ewe: I love everything in the green family, especially sage, and deep greens. I'm also pretty partial to pinks (everything from girly pink to fuschia), and I love orange and purple. I like things bright, although I'm not a big fan of yellow. Proximity to yellows and beiges makes me look jaundiced, so I tend to steer clear of them in general. Black is always good (although it's sooo hard to knit with!), and grey always makes me feel cozy.

SP8: What is your family situation? Do you have any pets?
ewe: I live alone (but I have a boyfriend around the corner), and have a very cool black kitty named Fritz (you can see Fritz causing trouble a few posts back). My Mom lives a few hours away and is also a devoted crafter (although rug-hooking is her poison), and my brother lives in the Northwest Territories.

SP8: Do you wear scarves, hats, mittens or ponchos?
ewe: This is Canada. Big giant YES on scarves, hats, mittens. But a big giant NO on ponchos. Ponchos make me look like an ugly doily-covered box. Shame on ponchos.

SP8: What is/are your favorite item/s to knit?
ewe: I'm not sure about that. Up to this point I've mostly knit gifts, so I guess I'm usually considering the recipient and occasion rather than what I want to make. I'm still experimenting, but so far I think kids' sweaters have been my favorite... they're small and manageable to complete, but the satisfaction of creating a three dimensional garment out of a ball of string has been hard to beat. I suspect socks will hold a similar thrill this summer.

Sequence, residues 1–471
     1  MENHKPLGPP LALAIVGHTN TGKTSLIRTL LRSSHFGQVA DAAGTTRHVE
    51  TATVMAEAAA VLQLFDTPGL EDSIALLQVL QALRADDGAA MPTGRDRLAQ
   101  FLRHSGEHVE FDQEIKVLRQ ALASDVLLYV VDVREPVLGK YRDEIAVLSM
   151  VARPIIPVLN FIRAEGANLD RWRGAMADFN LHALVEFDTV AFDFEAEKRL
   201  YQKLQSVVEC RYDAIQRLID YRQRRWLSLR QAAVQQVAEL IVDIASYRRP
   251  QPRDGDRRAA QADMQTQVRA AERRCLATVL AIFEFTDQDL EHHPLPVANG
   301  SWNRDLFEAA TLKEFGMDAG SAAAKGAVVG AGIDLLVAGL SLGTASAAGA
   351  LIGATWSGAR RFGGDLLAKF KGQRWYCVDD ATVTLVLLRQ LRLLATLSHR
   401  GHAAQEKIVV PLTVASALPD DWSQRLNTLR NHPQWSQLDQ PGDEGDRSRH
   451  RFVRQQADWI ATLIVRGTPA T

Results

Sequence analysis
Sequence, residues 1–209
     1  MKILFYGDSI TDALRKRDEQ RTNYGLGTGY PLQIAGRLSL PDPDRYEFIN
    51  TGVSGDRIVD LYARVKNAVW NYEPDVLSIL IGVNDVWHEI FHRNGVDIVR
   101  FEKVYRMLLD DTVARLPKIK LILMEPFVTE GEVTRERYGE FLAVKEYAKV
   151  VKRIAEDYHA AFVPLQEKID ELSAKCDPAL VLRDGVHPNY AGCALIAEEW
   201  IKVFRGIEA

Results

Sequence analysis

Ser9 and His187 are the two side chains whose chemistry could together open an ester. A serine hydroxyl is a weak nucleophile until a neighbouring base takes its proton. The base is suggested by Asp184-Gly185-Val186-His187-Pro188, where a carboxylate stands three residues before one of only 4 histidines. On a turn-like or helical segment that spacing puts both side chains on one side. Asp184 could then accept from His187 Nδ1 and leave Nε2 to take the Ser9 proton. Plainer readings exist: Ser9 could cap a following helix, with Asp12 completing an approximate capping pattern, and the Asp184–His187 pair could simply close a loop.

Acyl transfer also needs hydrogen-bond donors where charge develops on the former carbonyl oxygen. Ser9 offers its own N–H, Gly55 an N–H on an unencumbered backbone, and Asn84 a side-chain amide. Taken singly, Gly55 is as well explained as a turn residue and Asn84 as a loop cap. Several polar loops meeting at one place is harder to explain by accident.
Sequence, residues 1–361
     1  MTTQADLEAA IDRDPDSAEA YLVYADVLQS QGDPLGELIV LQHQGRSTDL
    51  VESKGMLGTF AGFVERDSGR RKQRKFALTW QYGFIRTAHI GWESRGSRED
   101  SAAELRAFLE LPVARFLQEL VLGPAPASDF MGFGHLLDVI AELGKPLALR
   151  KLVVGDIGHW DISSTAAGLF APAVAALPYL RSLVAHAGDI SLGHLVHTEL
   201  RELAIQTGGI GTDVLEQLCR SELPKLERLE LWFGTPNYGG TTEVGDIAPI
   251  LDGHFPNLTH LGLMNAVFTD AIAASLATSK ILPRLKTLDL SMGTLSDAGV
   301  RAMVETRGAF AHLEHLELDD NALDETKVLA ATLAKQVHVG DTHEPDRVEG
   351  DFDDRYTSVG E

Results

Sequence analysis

SP8: What are you knitting right now?
ewe: My primary project is the Turtleneck Shrug from Scarf Style. I've got improv arm-warmers going, and a few scarves, including a cabled project begun too long ago to contemplate. I'm also about to start a cute hooded baby sweater for my boyfriend's upcoming niece!

SP8: Do you like to receive handmade gifts?
ewe: Yes!!! 'nuff said.

SP8: Do you prefer straight or circular needles? Bamboo, aluminum, plastic?
ewe: Depends on the project. I love Addi Turbos, and would choose circular needles over dpns most of the time, but it really just depends. I've only ever used metal and plastic needles -- oh and once I was convinced to buy those squishy wobbly flexible needles... never again! -- but I've recently picked up a pair of bamboos to try them out. I'm afraid to break them! Also, I've got a needle in my mouth perpetually as I work, so I think those casein ones are out for me. I'd love to try rosewood or something a little different like that!

SP8: Do you own a yarn winder and/or swift?
ewe: I have an old winder (recovered from someone's basement) but no swift. Feet can make a surprisingly good skein holder. (Necessity is the mother of invention. And inventiveness.)

SP8: How did you learn to knit?
ewe: When I was a little kid, we always had crafty things going. Remember spool knitting??? I must have created miles of that stuff. I have a vague recollection of being taught actual knitting by my mom, and a distinct recollection of the yarn: soft, variegated purpley-pink. I was going to knit Barbie a bedspread. I think I enjoyed it so much that one of my teddy bears got a scarf and Barbie's bed was cold. Then it was over, and I don't know why I didn't do anything else with it.
A few years ago I got a hankering for it, I have no idea why. I think some part of me really wanted to knit my at-the-time-boyfriend a scarf or something. (He eventually moved to Texas and had no further use for either me or the scarf. Oh, the irony.) When I mentioned it to my mom in passing, she leapt into action. I got Debbie Bliss's How To Knit and a set of several pairs of straight needles for Christmas. I signed up for a class, then had such a bad experience with the rude woman at the store that I quit the class 10 minutes in, got a refund, and went home to teach myself. And have been ever since. Every so often I'll go to a drop-in class in town to get some help if something in a pattern doesn't make sense to me, but I'm a pretty independent sort, and I've figured it all out, trial and error, with the help of Debbie Bliss.